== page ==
Vincent Bacote

​​Vincent Bacote (PhD, Drew University) is professor of theology and the director of the Center for Applied Christian Ethics at Wheaton College in Wheaton, Illinois.  Publications include the books Reckoning with Race and Performing the Good News: In Search of a Better of a Evangelical Theology (2020) and The Political Disciple: A Theology of Public Life. His articles have appeared in magazines such as Comment, Books and Culture, and Christianity Today and journals such as the Journal of Markets and Morality, Christian Scholar’s Review, and the Journal for Christian Theological Research. An avid tennis player, occasional bass guitarist, and incessantly curious person, he lives in Glen Ellyn, Illinois, with his family.

In Search of a Truly Good News Faith

What will it take to renew evangelicalism?


More From This Contributor

A Perennial Moment of Opportunity

Yes, we want faithful participation in art, business, politics, education, and every other sphere. But how do we arrive at a worldview? Intuition may get the conversation started, but biblical knowledge will win the day.

Surprised by the Spirit

How might an openness to the Spirit’s work in the entirety of the created order lead us to have eyes that look for surprising and unpredictable developments in cultural and political realms?

Letter to a Young Black Scholar

The scholarly life is not contrary to faithful discipleship. Indeed, in your case, it may be one of the most significant elements of a fully-devoted life as you steward the tremendous intellectual gifts God has given you.

The Poison Cup

What is it about the pursuit of ambition that can become poisonous when it meets admiration and recognition?

Dilemma and opportunity

Amidst expectations of racial and ethnic reconciliation, how hopeful should we be? How much understanding, harmony and cooperation can we expect to achieve?

Faux authenticity?

There are many, especially in the church, who have seen their heroes exposed as flawed, fakes, or failures. The traumatic result is that a vision for upward Christian life is shattered, replaced by the resolute determination to simply be real. You can even open the closet so others can see all the skeletons in their disarray. It beats pleading guilty to the charge of hypocrisy.

Racism: Does the struggle continue?

Can we seriously talk about fulfilling the cultural mandate if we sit around and allow the legacy of racism to be perpetuated, even in the church? Vincent Bacote is Assistant Professor of Theology at Wheaton College, and director of the Center for Applied Christian Ethics.

Reading the Bible . . . and listening for the Spirit

How can discerning readers of the Bible know that they are properly interpreting Biblical texts? With so many interpretative approaches out there, it’s important to be taught some of the common mistakes of private Scripture reading . . . and then to remember both the basic clarity of Scripture, and the Spirit’s work in helping understand divine things.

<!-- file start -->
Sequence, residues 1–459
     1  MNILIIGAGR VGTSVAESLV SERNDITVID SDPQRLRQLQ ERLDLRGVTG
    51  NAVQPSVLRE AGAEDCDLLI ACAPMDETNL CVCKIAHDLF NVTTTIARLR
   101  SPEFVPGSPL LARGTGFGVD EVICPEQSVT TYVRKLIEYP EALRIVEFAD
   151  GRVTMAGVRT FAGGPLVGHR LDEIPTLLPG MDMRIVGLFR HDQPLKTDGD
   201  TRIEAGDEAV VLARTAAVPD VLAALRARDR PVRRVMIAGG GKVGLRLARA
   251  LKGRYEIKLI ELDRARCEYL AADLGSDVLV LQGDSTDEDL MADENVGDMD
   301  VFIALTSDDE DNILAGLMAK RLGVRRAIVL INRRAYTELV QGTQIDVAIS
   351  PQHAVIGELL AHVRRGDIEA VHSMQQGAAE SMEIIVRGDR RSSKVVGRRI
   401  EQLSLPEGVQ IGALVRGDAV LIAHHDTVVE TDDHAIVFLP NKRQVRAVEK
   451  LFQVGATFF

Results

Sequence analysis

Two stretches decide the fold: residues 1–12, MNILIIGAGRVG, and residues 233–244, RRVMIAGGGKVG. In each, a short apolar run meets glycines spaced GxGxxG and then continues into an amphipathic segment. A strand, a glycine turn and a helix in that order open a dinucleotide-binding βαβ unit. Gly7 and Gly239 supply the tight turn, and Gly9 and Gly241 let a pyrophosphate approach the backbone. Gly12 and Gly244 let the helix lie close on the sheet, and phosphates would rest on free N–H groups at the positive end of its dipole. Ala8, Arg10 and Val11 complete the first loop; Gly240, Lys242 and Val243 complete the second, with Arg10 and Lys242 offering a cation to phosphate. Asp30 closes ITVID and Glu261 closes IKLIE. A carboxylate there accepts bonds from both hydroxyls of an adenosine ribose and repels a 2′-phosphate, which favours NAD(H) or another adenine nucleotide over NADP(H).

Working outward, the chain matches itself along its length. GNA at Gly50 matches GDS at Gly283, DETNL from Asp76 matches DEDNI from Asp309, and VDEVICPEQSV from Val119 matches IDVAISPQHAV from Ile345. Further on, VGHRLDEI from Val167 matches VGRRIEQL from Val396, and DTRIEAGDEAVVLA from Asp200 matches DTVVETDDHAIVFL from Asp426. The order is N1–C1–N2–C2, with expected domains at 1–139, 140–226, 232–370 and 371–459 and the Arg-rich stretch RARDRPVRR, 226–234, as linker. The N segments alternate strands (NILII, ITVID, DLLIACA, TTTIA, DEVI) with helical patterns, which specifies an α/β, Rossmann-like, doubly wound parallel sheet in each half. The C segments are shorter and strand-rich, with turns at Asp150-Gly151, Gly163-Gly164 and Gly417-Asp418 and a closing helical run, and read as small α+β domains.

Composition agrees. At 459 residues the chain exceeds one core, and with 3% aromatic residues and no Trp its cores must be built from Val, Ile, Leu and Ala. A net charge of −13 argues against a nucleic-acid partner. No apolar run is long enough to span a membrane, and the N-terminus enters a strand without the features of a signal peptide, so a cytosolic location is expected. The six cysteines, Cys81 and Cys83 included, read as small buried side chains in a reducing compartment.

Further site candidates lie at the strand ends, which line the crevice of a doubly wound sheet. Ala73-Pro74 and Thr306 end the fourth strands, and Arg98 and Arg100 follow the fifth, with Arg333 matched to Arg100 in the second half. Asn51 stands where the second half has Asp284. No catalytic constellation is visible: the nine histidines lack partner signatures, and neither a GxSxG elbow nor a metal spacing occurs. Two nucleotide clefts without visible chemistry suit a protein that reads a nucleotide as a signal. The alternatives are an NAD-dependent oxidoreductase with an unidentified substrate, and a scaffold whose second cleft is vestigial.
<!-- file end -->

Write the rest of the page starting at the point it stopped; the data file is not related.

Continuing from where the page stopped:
What is to be done… in Theology?

Two millennia of Christian theology does not mean there is no work left to be done. Starting out from the beginning—the doctrine of creation—Vincent Bacote identifies priorities for theology in the early years of the 21st century.

The Spirit and institution-building

To be sure, the Spirit’s transforming work among the people of God is vital to considering human organizations, and I will not neglect it here. Before entering familiar territory, however, we must begin elsewhere. There is more to the Spirit’s work than regeneration and sanctification. The Spirit fulfills an unacknowledged, foundational role in the arduous task of institution-building.

Gifts from “Father Abraham”

It's entirely possible that someone would look at the title of this column and think, "Is this a discussion of the many benefits of the Abrahamic covenant?" While it is indeed more than worthwhile to mine the riches of faith that we have because of Abraham's obedience...

A Call for Thought Police

The church needs more well-trained Christians, clergy and lay, who are willing to play the role of doctrine cop in a way that protects the church from errant ideas that may cause greater long-term harm to the church even as they seem to be practically helpful. The church needs doctrine cops who don’t mind being theological thought police.

Of Presidents and Public Faith

The recent death of Ronald Reagan and the publication of Bill Clinton’s memoirs provide occasion to consider the relationship between faith and public life. Both of these men, though vastly different, had notable similarities. Perhaps the most interesting similarity with contrast is the fact that both men had a very private, interior faith.

An Alternative to Victory

Martin Marty argues that evangelicals have won the culture wars by contributing to a new ecumenical movement that emphasizes witness and activity while minimizing confessional or denominational differences, moving to greater public visibility and influence in politics, and adapting to the prevailing currents of American life. The last of these leads me to question whether evangelicals have really won anything at all.